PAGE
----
Saturday, April 14, 2012

Nepal: Hours spent carrying water now spent in school in Nepal

Source: Government of Finland

In Nepal, the introduction of running water and proper toilets has meant less disease and illness among the people. In addition, because water no longer has to be carried home from far away, there are more hours that can be used for going to school, taking care of the home, and making more varied and nutritious meals. There is also time for new work that provides a source of income.

Shamanfi Sunwar fills her water canister. Even though it is the dry season, water drips from the faucet. Luckily. Otherwise the 87 year old grandmother would have to walk down to the bottom of the mountain, a drop of many metres in height along many more metres of trail.

When the 15 litre canister is full, she lifts it into her sling and puts it on her back. She adjusts the strap on her forehead and begins the long trek home on the cliff-hugging trail to her village.

But she doesn’t complain, on the contrary. Now she only needs to take less than an hour to fetch water, only once a day, when last autumn fetching water took six or more hours every day.

Today, water for drinking and preparing food can be gotten from the community water source near the village. Water for cattle and irrigation still needs to come from further away.

"It’s like a miracle"

Shamanfi Sunwar is only one of the many people who benefit from the water supply system Finnish development aid has helped provide for the 1.700 residents of Thaprek.

When the villagers of Thaprek heard two years ago that they were going to be part of the water supply project, they were hopeful but slightly doubtful. They had heard talk of similar projects for decades, but all these projects had failed for technical reasons or for lack of funding.

Now one hill in Thaprek has been equipped to serve as the ‘water tower’ for the system: water is pumped up from the spring 370 metres below, to a 10 cubic metre storage tank at the top of the hill. From there it goes to four district storage tanks, and further to 41 communal water faucets. These faucets are used by 265 households.

“It’s like a miracle,” says one of the Village Council members, describing the feeling of the village when the first faucets were opened six months ago.

“The water is very good quality, very clean and fresh, with no taste.” The Thaprek village water distribution system is part of a project which is bringing running water to 90.000 Nepalis. Half of the proposed 471 distribution systems are already in use, the rest are in the planning and construction phase.

Another aim of the water distribution project is to support improvements in the sanitation and hygiene of 250.000 persons in the project area. This goal has already been met and exceeded: the benefits of good sanitation now reach over 390.000 Nepalis. These people and their neighbours now use toilets which ensure there is no fear of excrement being spread to contaminate food and water.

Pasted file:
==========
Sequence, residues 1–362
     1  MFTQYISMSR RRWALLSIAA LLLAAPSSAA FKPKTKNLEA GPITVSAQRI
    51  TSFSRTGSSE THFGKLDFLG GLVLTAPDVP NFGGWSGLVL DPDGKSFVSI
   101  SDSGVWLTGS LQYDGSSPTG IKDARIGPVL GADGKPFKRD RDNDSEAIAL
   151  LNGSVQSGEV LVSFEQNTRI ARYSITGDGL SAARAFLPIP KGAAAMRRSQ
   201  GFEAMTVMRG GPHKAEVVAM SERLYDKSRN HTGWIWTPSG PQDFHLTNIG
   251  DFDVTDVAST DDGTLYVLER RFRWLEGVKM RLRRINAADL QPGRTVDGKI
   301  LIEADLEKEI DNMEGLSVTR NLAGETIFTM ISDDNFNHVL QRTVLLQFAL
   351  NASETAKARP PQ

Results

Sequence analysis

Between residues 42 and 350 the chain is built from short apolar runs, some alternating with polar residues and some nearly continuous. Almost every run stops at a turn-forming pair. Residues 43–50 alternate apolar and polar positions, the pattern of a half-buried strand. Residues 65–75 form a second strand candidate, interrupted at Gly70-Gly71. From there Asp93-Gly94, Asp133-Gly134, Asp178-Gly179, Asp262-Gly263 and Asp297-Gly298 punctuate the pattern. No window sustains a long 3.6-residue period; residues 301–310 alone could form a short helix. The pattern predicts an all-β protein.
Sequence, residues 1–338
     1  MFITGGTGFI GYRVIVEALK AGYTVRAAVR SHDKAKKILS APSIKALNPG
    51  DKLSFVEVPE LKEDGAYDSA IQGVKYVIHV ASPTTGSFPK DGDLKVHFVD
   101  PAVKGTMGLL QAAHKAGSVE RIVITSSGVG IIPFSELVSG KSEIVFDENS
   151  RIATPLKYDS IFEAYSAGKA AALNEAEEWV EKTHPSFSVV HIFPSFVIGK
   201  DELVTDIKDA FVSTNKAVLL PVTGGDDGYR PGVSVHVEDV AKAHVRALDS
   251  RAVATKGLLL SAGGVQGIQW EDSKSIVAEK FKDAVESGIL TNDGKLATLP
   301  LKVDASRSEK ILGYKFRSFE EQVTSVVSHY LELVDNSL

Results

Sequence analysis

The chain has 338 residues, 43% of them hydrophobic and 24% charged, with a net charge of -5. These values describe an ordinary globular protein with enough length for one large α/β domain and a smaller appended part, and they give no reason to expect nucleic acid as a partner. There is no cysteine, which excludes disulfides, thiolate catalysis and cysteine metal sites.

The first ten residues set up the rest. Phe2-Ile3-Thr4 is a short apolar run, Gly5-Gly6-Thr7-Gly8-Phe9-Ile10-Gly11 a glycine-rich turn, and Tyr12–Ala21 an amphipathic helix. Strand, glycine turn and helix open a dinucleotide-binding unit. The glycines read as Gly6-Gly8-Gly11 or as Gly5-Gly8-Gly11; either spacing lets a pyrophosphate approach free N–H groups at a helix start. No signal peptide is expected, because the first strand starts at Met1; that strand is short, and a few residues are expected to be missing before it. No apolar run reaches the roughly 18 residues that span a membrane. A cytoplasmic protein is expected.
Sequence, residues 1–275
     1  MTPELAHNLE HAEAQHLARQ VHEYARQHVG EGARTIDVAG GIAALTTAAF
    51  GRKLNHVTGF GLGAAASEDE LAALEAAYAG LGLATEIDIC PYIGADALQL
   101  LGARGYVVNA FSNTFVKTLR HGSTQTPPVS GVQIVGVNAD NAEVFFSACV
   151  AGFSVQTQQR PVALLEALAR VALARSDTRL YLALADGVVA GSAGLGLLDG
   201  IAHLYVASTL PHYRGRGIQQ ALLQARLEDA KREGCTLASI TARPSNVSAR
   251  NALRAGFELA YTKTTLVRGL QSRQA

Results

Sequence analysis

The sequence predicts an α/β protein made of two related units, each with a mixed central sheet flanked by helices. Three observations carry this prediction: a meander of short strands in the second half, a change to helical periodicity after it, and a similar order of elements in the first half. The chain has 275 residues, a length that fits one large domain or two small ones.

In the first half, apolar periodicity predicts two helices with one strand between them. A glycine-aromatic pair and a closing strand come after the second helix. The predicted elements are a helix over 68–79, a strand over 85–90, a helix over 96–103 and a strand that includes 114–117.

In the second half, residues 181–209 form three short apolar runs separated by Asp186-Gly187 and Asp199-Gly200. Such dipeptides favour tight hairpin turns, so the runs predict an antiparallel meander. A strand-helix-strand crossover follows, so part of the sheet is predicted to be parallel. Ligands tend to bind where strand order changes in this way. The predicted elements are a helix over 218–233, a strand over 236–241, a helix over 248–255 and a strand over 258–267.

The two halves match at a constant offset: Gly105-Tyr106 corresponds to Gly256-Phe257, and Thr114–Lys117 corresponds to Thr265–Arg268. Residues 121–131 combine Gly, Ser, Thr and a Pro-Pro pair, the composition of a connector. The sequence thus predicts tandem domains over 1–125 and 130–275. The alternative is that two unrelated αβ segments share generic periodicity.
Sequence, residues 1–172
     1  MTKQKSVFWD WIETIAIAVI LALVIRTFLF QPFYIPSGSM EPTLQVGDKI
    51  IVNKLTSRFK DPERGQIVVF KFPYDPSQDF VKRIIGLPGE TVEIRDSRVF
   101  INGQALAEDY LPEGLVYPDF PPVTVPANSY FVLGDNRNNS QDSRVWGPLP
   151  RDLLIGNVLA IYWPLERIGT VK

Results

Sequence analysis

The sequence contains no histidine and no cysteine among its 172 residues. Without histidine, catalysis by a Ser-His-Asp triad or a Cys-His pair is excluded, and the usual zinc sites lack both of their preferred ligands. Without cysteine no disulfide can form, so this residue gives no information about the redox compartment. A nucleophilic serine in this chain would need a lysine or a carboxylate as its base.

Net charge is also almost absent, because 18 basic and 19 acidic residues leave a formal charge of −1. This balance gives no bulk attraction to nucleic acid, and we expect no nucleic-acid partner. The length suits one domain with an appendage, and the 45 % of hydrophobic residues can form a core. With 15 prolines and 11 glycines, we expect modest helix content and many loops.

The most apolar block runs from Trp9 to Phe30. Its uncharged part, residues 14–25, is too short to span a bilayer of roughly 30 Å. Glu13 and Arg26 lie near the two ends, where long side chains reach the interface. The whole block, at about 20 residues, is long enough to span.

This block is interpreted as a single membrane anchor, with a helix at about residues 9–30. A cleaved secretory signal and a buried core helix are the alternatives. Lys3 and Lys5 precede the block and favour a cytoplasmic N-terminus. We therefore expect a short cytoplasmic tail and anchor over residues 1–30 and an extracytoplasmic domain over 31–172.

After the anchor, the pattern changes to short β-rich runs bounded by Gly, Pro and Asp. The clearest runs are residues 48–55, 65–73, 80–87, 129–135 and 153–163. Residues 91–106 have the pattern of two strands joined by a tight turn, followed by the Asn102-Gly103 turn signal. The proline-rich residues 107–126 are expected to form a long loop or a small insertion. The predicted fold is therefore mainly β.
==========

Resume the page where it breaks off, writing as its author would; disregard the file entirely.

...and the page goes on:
“Selling” new ways of behaviour to local people is difficult

In the jargon of development aid, project success is measured by its “effectiveness” and its “ownership”. Only when the project is considered ‘effective’ in achieving its goals, and the local people feel they ‘own’ the project, is the entire project considered a success.

In plain English, what all of this means is that new ways of behaviour have to be learned by the local people – that the bushes behind your house and the fields are not toilets. They also need to learn to take proper care of the new water system – real ownership and real responsibility.

The Technical Advisor to the project, Markus Tuukkanen, prefers to use the word: “selling”.

According to Mr Tuukkanen: “We are here as ‘sales representatives’ for a new system of thinking and behaviour. Our clients are the authorities on different levels, the planners, the contractors and builders, and of course the users of the new toilets and the new water distribution system.”

Enthusiasm, acceptance, and ‘ownership’ of the sanitation system has been achieved, in Mr Tuukkanen’s opinion, but there is room for improvement in maintenance of the water distribution system.

“The sanitation system in this project is unquestionably the best in Nepal, and what we have learned here is being put into national strategies and guidelines. From there they will spread to become national ways of behaviour.”

Stomach diseases decreased

Although carrying water from other sources still has to be done, the improvement over the past is remarkable. The village women of Thaprek report that today there are far fewer cases of stomach and digestive diseases. And their children and their clothes are cleaner.

Because the amount of time needed to fetch water has decreased drastically, children – who used to begin carrying water at the age of ten – now have more time to go to school and work on their school lessons. Adults have more time to spend on taking care of the home, preparing more nutritious and tasty meals, and learning new ways of obtaining income.

In addition, now that there is more than one toilet at the village school, it is easier for girls to go to school and women who are teachers to do their work when they have their menses.

Lauri Haapanen